The following is a description of the most commonly seen hormonal disorders in men and women:
Menopause and Perimenopause
Menopause is defined as the point at which a woman’s menstruation ceases for an entire year.
While the onset of menopause usually occurs around the age of 50, women can experience menopause-related changes much earlier, and for years afterwards.
The stage leading to the eventual end of menstruation, called “perimenopause,” can last anywhere from 6 months to 10 years. During both perimenopause and menopause, some women may experience hot flashes, night sweats, weight gain, mood swings, anxiety/depression, poor sleep, irritability, vaginal dryness, memory problems and other symptoms that lower the quality of life.
Andropause (“Male Menopause”)
As men get older, they produce lower levels of male sex hormones.
Associated with prostate enlargement, this “andropause” can also lead to symptoms including hot flashes, decreased libido, erectile dysfunction, decreased muscle strength and size, loss of bone mass, decreased mental clarity, irritability and depression, low energy level, fatigue, and poor blood sugar control.
The thyroid is a gland located just below the Adam’s apple that makes and stores hormones that help regulate the heart rate, blood pressure, body temperature, and the rate at which food is converted into energy.
Thyroid activity is regulated by the dynamically-changing balance of many hormones, including the female sex hormones estrogen and progesterone.
Too often, doctors prescribe drugs that affect just one hormone produced by the thyroid, rather than all of them.
Such treatment is insufficient because it frequently brings thyroid activity up to a level that seems normal, but is not optimal.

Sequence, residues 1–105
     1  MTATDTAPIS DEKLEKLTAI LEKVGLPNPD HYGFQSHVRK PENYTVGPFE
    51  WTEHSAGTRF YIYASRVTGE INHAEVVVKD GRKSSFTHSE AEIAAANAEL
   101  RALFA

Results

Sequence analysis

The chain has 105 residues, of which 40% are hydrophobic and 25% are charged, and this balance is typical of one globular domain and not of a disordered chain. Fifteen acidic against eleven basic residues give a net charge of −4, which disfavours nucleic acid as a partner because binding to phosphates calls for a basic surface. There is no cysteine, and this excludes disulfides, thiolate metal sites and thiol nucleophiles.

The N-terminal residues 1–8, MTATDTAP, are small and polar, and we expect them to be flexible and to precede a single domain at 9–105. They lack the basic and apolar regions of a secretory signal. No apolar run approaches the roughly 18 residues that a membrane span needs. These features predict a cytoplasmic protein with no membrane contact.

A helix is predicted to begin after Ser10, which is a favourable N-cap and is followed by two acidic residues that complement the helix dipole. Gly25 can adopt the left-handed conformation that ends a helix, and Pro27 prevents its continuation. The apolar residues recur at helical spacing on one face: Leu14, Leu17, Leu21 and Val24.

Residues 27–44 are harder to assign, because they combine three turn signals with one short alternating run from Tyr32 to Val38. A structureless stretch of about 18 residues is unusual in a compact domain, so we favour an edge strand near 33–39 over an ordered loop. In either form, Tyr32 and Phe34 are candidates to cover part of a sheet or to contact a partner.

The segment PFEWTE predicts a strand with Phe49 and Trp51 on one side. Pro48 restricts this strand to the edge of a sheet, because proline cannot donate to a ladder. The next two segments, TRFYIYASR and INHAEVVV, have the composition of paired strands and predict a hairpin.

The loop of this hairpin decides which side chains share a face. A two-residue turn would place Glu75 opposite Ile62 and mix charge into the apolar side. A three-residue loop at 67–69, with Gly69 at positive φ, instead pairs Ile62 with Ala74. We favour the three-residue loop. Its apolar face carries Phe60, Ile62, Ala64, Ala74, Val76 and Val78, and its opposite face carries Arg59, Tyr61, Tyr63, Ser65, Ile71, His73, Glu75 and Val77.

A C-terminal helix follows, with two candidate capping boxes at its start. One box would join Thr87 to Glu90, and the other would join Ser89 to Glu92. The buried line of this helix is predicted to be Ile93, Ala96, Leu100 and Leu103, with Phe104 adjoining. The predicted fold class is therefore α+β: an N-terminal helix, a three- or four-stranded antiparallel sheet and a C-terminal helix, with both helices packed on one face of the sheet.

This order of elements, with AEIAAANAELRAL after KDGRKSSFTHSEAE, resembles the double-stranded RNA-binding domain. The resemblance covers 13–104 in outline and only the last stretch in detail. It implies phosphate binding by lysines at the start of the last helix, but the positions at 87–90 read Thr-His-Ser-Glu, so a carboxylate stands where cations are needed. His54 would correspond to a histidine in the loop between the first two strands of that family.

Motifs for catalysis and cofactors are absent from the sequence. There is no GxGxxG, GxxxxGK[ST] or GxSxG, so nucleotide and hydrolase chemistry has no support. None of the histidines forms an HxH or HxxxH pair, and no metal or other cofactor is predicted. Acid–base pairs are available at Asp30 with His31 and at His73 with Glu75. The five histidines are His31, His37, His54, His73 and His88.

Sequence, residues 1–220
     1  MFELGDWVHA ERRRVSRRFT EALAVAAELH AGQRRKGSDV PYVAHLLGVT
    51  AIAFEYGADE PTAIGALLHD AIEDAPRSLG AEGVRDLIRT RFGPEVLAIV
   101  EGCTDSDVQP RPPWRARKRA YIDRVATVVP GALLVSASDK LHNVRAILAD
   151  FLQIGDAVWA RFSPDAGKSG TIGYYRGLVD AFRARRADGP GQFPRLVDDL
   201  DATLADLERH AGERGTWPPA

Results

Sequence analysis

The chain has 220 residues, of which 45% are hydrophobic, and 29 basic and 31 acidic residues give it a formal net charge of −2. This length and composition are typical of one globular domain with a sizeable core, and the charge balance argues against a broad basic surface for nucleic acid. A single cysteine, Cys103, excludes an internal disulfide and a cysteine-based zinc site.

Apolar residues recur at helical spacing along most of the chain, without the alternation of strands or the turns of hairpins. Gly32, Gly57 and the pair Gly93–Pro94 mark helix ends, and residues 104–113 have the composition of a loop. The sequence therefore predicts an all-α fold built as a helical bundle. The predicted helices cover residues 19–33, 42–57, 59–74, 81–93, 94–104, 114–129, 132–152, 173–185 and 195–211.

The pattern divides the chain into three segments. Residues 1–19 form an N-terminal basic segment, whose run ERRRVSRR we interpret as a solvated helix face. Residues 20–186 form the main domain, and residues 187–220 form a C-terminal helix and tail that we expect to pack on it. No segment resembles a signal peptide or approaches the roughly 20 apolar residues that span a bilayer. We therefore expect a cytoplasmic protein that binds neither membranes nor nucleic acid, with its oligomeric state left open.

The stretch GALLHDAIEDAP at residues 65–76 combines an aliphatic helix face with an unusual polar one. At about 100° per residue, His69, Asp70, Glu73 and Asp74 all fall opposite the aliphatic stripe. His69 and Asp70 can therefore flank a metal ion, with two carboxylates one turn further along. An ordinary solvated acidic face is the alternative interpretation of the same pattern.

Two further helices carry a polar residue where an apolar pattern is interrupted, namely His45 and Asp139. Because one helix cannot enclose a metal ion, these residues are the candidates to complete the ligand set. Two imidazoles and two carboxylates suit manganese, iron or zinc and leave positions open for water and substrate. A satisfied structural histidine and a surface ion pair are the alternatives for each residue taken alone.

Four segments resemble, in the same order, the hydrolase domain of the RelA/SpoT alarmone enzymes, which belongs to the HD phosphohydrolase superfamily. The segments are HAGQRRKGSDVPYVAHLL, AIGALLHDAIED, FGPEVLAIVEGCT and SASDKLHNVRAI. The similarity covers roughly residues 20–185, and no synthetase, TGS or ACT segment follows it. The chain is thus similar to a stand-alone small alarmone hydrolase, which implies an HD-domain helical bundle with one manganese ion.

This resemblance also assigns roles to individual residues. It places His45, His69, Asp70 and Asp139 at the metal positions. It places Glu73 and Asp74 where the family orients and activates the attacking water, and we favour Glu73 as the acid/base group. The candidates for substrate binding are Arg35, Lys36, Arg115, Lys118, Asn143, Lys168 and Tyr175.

Looking at the total picture – including the interaction of the thyroid with other types of hormones – is the best way to determine an effective treatment strategy for thyroid irregularity.
When the thyroid gland doesn’t produce enough thyroid hormone or produces too much, or if thyroid hormones are blocked from performing their function, the body’s metabolism will be too fast or too slow.
Symptoms of hypo- and hyperthyroidism include fatigue, sluggishness, hyperactivity, depression, feeling cold, cold hands and feet, palpitations, weight gain or weight loss, thinning hair, brittle nails, dry or oily skin and constipation.
There are instances where the thyroid must be removed due to cancer or a tumor, or thyroid function is seriously compromised due to Hashimoto's Syndrome (an auto-immune disorder where the immune system attacks the thyroid).
These individuals will require life-long medication to replace missing thyroid hormones, and as this can have a cascading effect on other hormones, it is important to monitor the function of all the other hormones.
The most well known female sex hormone, estrogen is actually the family name for three other hormones – estrone, estradiol and estriol– that appear in both men and women and regulate many important body functions.